I had to do this just this morning before our morning walk. For some reason she didn't want him to come along. Maybe it's the slowed pace she doesn't like when he joins. She prefers running. Anyone else with animal behavior observations?
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Old 01-05-08, 03:02 PM   #3
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Yeah, we have a b!tch that will hump your leg, rubbing her junk on your shoe. Yuck, snail track sneakers.
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Old 01-05-08, 03:09 PM   #4
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Though not my dogs, I care for the neighbor's two dogs because their owner is a self-centered moron without a clue regarding interaction with, or caring for animals. He bought them years ago so his lonely teenage son would have companions. When the son went overseas for college, I took over their care.

Dont know about canine behaviour but as far as humans go, you are a saint.
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Old 01-05-08, 03:31 PM   #5
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Dont know about canine behaviour but as far as humans go, you are a saint.
I don't know about saint. It was more like I had no choice because those two dogs were driving me crazy with undisciplined bahavior! The worst was they'd run around all night barking at the wind or coyotes. I couldn't for the life of me understand why the owner would allow them to do that. He claimed he never heard them. They also chased and barked at trucks. So it started by me admonishing them whenever they'd go nuts with the random barking. I'd coral them and chase them back to the house. Sometimes by throwing things at them and clapping loudly as I chased them back. The idea being to make as much of an impact on them as possible. After a time they'd stop barking whenever they heard me clap. Even through the opened windows of my place. With dogs it's mostly about patterns and consistency whenever dealing with them. Good behavior get's one response (approval, petting, sounds, body language, facial expressions) unwanted behavior gets another response. Regular walks, playtime and consistent feeding time is also important. When trust, dominance and pattern are established, you can do a lot with dogs.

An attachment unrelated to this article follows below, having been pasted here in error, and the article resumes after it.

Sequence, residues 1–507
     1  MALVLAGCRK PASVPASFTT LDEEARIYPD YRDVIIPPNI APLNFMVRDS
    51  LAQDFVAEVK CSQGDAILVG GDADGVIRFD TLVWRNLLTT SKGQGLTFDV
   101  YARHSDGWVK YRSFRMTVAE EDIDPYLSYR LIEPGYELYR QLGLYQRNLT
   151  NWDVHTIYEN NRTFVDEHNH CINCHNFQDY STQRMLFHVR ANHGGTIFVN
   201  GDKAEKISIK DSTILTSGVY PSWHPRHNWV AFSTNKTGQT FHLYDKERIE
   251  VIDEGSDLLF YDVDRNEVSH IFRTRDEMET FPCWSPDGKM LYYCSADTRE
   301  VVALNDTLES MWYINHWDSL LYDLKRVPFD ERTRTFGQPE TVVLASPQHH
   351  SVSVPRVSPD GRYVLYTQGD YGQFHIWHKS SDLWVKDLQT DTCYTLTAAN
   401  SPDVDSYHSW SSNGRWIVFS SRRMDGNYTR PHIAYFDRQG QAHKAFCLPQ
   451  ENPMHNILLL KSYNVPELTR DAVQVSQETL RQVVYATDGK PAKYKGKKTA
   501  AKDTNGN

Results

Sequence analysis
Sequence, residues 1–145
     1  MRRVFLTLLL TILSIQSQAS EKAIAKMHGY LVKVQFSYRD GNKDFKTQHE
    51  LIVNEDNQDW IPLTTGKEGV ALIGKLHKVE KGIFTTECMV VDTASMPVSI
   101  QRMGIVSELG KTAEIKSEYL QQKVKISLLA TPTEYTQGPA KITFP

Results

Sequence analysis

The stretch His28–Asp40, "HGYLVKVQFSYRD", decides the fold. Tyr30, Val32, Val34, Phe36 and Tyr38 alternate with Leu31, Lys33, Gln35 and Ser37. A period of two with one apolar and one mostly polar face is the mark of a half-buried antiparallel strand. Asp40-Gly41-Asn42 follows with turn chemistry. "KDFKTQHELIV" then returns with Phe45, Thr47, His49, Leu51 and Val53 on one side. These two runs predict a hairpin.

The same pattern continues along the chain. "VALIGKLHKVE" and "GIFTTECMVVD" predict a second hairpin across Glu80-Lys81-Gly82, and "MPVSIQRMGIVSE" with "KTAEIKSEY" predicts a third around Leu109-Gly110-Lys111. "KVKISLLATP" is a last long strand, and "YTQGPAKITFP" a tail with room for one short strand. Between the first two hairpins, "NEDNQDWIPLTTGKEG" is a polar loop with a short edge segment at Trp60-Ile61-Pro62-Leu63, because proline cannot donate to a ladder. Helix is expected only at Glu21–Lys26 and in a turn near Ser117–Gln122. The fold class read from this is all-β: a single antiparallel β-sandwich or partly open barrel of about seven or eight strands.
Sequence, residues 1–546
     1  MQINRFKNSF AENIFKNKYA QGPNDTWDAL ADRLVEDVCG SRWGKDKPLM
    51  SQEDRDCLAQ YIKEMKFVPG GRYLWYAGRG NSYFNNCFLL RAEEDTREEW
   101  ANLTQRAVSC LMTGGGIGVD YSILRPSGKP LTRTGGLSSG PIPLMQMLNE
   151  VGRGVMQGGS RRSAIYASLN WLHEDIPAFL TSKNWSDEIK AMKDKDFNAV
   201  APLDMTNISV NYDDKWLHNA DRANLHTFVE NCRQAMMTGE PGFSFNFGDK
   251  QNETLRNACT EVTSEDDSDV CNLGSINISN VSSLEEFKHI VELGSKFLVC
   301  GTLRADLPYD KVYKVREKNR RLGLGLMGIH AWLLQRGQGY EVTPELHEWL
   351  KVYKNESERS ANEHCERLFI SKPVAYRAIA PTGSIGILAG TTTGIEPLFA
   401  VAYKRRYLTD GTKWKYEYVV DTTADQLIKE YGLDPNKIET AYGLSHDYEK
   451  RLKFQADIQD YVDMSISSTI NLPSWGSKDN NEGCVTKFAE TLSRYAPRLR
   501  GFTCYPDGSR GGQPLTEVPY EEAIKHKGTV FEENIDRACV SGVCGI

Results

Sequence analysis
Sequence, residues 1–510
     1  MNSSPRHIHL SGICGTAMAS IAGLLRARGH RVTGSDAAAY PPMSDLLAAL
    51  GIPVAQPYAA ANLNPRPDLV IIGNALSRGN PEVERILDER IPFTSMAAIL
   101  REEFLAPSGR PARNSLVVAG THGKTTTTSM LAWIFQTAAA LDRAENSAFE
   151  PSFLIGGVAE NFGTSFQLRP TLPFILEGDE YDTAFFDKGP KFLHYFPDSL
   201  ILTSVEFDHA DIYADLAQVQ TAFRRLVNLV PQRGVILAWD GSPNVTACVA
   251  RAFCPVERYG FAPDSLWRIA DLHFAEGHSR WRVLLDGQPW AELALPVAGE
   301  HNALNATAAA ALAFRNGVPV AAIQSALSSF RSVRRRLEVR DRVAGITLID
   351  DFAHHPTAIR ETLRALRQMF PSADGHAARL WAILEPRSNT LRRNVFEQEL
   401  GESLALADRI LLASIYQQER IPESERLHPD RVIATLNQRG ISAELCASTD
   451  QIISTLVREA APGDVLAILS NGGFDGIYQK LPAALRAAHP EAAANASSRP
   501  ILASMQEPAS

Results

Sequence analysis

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Old 01-05-08, 03:34 PM   #6
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Come train my chows. I dare you.

I pay you double your transport here and home. These dogs have reduced professional trainers to jello.
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Old 01-05-08, 03:42 PM   #7
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Come train my chows. I dare you.

I pay you double your transport here and home. These dogs have reduced professional trainers to jello.
Interesting. You've seen the Dog Whisperer on TV, right? His whole approach is training the owners as much as the dogs. Have those trainers mentioned your part in the mix of how the dogs behave? What did they say?
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Old 01-05-08, 09:06 PM   #8
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Yeah, I've seen Cesare. There are three other adults here too. Two of them are untrainable.